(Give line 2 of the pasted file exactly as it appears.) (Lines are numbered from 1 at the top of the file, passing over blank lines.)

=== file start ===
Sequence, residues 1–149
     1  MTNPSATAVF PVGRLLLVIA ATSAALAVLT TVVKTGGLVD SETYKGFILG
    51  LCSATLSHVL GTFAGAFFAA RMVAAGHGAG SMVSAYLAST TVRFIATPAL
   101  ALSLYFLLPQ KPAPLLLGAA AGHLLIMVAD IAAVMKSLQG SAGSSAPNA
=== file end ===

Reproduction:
     1  MTNPSATAVF PVGRLLLVIA ATSAALAVLT TVVKTGGLVD SETYKGFILG